After neo-liberalism: back to Bell Labs?


In general I hate the term “neo-liberal” – as in the last decade it has become a fashionable way for some people on the left to say “things I don’t like” whilst giving their (often irrational) personal preferences a patina of intellectual credibility.

Glen O’Hara looks at the accusation that the last Labour government was “neoliberal” in some detail and I’m not going to reheat his arguments here, but as he says:

This rise in public spending was not only imagined in liberal terms—as a new contract between consumers and providers. For the emphasis on neoliberalism also misses the fact that the Blair agenda sought specifically to rebuild the public sphere around a new vision of a larger, more activist but more responsive and effective state. First through targets—and then, when they seemed not to deliver strong improvement, through decentralised commissioning and choice—the government sought to improve public-sector performance in a way that would be visible on the ground, and so maintain its relevance and political support.

But the term is not in itself meaningless – but personally I find it much more useful as a tool of analysis when applied to how governments across much of the western world have approached the private (and not the public) sector over the last forty years. For sure there has been privatisation too – expanding the role of the private sector, but certainly in the UK the long-term picture has not been a story of shrinking state, but of a state spending money in different ways. See the chart which plots the share of public spending as a proportion of GDP since the end of the 1950s – and notably this does not include the massive covid-19 driven spike of public spending in 2020 and 2021.

What has diminished is both state-ownership and (much more more importantly, I believe) state-partnership with key economic sectors that provide private goods and services – until, perhaps, that is, today (as I discuss below).

As my example (from the US but the argument applies more widely), let me look at AT&T in the United States. Today what was once the American Telephone and Telegraph Company is still the world’s largest telecommunications concern, but it’s a very different beast to the company of that name of forty years ago. Now it competes in a cut-throat global market, then it was a highly-regulated, privately-owned classical monopoly utility.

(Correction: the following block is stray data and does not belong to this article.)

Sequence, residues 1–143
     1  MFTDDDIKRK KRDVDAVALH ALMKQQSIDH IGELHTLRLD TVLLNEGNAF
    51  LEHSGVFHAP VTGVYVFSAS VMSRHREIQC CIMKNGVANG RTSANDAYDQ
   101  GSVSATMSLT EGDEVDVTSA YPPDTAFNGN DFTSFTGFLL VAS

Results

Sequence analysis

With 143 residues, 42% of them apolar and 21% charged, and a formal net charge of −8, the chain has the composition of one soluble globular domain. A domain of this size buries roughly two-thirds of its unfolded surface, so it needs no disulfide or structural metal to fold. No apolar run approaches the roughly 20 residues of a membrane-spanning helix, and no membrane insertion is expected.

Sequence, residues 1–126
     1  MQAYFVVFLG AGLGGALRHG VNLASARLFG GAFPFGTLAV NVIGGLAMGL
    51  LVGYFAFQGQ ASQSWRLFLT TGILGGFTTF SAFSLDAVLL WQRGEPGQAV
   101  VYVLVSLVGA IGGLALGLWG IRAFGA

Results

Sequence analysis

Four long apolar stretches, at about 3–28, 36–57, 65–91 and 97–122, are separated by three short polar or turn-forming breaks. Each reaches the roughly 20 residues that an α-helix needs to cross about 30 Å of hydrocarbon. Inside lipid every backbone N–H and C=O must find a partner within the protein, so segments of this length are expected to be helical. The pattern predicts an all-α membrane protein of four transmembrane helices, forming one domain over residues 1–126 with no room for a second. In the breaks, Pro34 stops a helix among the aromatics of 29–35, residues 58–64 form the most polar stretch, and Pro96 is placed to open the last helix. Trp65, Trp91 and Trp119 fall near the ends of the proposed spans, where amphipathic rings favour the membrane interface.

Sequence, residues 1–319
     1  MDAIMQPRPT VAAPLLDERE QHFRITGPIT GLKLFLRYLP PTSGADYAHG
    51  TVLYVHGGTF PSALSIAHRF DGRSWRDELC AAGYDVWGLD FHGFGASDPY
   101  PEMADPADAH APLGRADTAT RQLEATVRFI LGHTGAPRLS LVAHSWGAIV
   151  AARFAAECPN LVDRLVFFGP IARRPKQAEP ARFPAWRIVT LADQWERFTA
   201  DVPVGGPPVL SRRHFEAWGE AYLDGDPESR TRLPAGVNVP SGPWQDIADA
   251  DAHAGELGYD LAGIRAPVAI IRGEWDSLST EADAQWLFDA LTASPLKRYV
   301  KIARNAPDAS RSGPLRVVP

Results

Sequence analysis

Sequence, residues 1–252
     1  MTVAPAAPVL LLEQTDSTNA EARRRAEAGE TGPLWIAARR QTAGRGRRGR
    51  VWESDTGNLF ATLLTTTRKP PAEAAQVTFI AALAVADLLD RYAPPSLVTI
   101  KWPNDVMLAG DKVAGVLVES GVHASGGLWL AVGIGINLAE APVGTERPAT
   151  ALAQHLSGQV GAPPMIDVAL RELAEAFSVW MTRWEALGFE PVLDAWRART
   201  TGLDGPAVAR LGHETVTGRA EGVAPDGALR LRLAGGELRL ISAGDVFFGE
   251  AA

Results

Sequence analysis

No doubt its break-up from 1984 onwards meant Americans got smaller phone bills (if they use land lines at all) but what has the overall balance for society been?

Reading Brian Kernighan’s UNIX: A History and a Memoir and the earlier The Idea Factory you get the impression that subjecting corporates to cut-throat competition has not all been about wins for the consumer. The “Bell System” monopoly paid for a massive research operation that delivered the transistors that made the digital age possible and the Unix that now dominates, and an awful lot else besides.

AT&Ts share holders didn’t repeat the massive windfalls seen by people who invested in Amazon twenty years ago but their stocks paid a consistent dividend and the economy in which they operated also generally grew steadily. Investors got a stable return and AT&T also had the ability to risk capital on long-term research and development.

The neoliberal revolution in the private sector has indeed given us Amazon (and Apple) and with it massive disruption that often is beneficial to humanity as a whole (think of the evaporation of poverty in much of east and south east Asia). But has it delivered fundamental advances in human knowledge of the scale and power that the older regulated capitalism did? I feel less than fully convinced.

The counter-case is, of course, in the field of bio-medicine. The enormous productive power that a globalised capitalism possesses is, even as I write this, churning out the product of the most spectacular scientific effort in all human history – vaccine against covid-19. No previous human generation has been able to do what we now believe we – for very good reasons – can: meet a newly emerged global epidemic in open combat and win.

But the story of the vaccine is also a story of partnership between state and capital. Governments have shared risk with the pharmaceutical companies but competition has also played its part – to me it suggests a future beyond a neo-liberal approach to the private sector in key industrial areas. The state should not be trying to pick winners but sharing risks and building an economic eco-structure where a balance of risks and rewards means that the aim is not to find the next 10000% return on investment but where good research can be allowed to thrive.

I know this is in danger of sounding very motherhood-and-apple-pie and we should be weary of just propping up existing market giants because they happen to be market giants. So let me also make a suggestion – imagine if the UK government decided that, instead of spending large amounts for ever on office suites from large software houses that are installed on million upon million of computers in schools, hospitals and police stations, it indicated it was willing to pay a premium price for a service contract, for say 5 – 7 years for someone who could turn one of the existing free software office suites into a world-class competitor and, more than that, it was willing to provide capital, as an active investor, in the two or three companies that could come forward with the best initial proposals?

The private sector would be shouldering much of the risk but would be aiming for a good reward (while free software’s built-in escrow mechanism would also mean that the private contractor couldn’t just take the money and ‘steal’ the outcome). Ultimately citizens (globally) could expect to see real benefits and, of course, we would hope any current monopolist would see competition coming and be incentivised to innovate further.